Homer Simpson’s hypothesis that “people can come up with statistics to prove anything” may be more relevant in sports than any other discipline.
Billy Beane, general manager (GM) of the Oakland A’s, demonstrated how misused and, at times, ignored statistics were in Major League Baseball. He revolutionized the game by using new forms of statistics to evaluate players when he became the GM in 1998.
While teams with larger budgets could rely on their money to recruit players, the Oakland A’s had to build a team that could compete with the rest of the league by using Beane’s techniques. This strategy of gaining advantage through statistical evaluation has come to be known as moneyball.
However, not many sports have begun to use these new statistical methods. For example, in hockey, only a few pioneers in the NHL have implemented these ideas.
According to sports statistician and St. Lawrence University professor, Michael Shuckers, “there are at least a handful of teams in the NHL that have folks on staff using moneyball-type ideas, although it is certainly not widespread”.
“The Canucks are the team using these new statistics most extensively,” he continued. If that is the case, then the Vancouver Canucks GM since 2008-2009, Mike Gillis, may be the closest thing hockey has to a Billy Beane figure.
Shuckers recently garnered significant media attention for his proposal of a new statistic to analyze the performances of goalies, called the Defensive Independent Goalie Rating (DIGR). The idea behind the DIGR is to replace the commonly used save percentage stat, which only calculates the percentage of shots saved by a goalie. The DIGR, rather, takes into account the difficulty of each shot that a goalie faces, providing a more comprehensive analysis. Save percentage is just one of many examples of a statistic that does not accurately reflect a player’s merit but, nevertheless, is often relied upon by managers.
Another suspect statistic is the plus-minus statistic, which calculates the cumulative number of goals scored and allowed in while a player is on the ice. It is often used to evaluate defensemen, since, for the most part, they accumulate less points than their offensive counterparts. The argument that Shuckers and others have against using the plus-minus system is that it does not account for the strength of a team’s goalie or fluke goals, which may unfairly inflate or hurt a player’s “plus-minus” score.
The most popular alternative to the plus-minus is called the Corsi. The Corsi looks not only at goals scored and conceded, but also at shots attempted. It takes into account shots on target, shots missed, and blocked shots. However, the Corsi is still not officially acknowledged or calculated by the NHL, despite pressure from many people within the game.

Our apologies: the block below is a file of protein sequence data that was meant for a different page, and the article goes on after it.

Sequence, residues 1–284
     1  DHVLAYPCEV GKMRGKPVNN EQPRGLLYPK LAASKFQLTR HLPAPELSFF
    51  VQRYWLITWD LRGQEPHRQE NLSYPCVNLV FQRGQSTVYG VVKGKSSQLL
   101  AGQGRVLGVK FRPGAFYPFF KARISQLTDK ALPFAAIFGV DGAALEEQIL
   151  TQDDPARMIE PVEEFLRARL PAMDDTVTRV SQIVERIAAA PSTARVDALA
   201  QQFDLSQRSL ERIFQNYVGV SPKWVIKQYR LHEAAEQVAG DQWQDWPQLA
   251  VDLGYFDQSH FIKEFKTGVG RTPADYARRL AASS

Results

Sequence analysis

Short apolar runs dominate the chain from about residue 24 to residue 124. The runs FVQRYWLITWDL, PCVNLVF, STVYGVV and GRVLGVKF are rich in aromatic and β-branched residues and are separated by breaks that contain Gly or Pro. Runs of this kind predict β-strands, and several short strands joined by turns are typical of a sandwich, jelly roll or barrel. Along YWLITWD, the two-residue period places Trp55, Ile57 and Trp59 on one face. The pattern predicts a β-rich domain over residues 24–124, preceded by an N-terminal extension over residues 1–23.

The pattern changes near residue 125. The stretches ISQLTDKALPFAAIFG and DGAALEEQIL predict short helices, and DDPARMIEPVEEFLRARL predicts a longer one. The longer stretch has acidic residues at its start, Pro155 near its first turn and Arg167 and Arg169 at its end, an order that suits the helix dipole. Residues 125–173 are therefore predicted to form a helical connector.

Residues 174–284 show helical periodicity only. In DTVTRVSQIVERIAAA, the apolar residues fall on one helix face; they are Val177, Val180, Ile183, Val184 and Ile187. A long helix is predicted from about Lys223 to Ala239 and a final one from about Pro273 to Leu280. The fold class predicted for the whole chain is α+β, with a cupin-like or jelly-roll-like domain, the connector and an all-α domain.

Both the DIGR and the Corsi are examples of alternative statistics that are not used by official NHL statisticians. This gives the league’s managers an opportunity to use these stats in exciting new ways, which potentially giving them a step up on other organizations who are clinging to the past.
Shuckers says that, for a team to successfully employ efficient statistical analysis beyond what is given to the general public via the NHL official statistics, “there needs to a be a buy-in from the GM’s office.” Gillis has certainly bought into the system, and seems to be employing either these or other effective forms of statistics to build a winning team.
One of the first changes Gillis made was in the scouting department. He adopted a new form of statistical analysis to help his staff find players who normally would not play in the NHL. The acquisition of defensemen Christopher Tanev is a perfect example of this. While NHL scouts usually ignore players in the National Collegiate Athletic Association (NCAA), Vancouver found Tanev when he was playing for the Rochester Institute of Technology, an NCAA school.
Under Mike Gillis, the Canucks made the Stanley Cup Finals for the first time since 1994. Based on Vancouver’s success with statistics, it may only be a matter of time before the rest of the NHL, and particularly the other six Canadian teams in the NHL, which have all been going through rough periods, catches on.
The Montreal Canadiens have not won a Stanley Cup Final since 1993, the Calgary Flames since 1989, and the Toronto Maple Leafs since 1967. The Edmonton Oilers are coming off a last place finish in the NHL, while the Ottawa Senators seem destined be among the league’s worst teams this season. Then, of course, there are the Winnipeg Jets, who are entering their first year back in the NHL and, therefore, have a nearly clean slate to work with, having changed much of the team they inherited from the now-defunct Atlanta Thrashers.
The first team to truly follow in the footsteps of Gillis and Vancouver may turn around their fortunes with the use of the Corsi, the DIGR, or a new statistic that is out there waiting to replace what is, currently, a flawed model for analyzing the sport.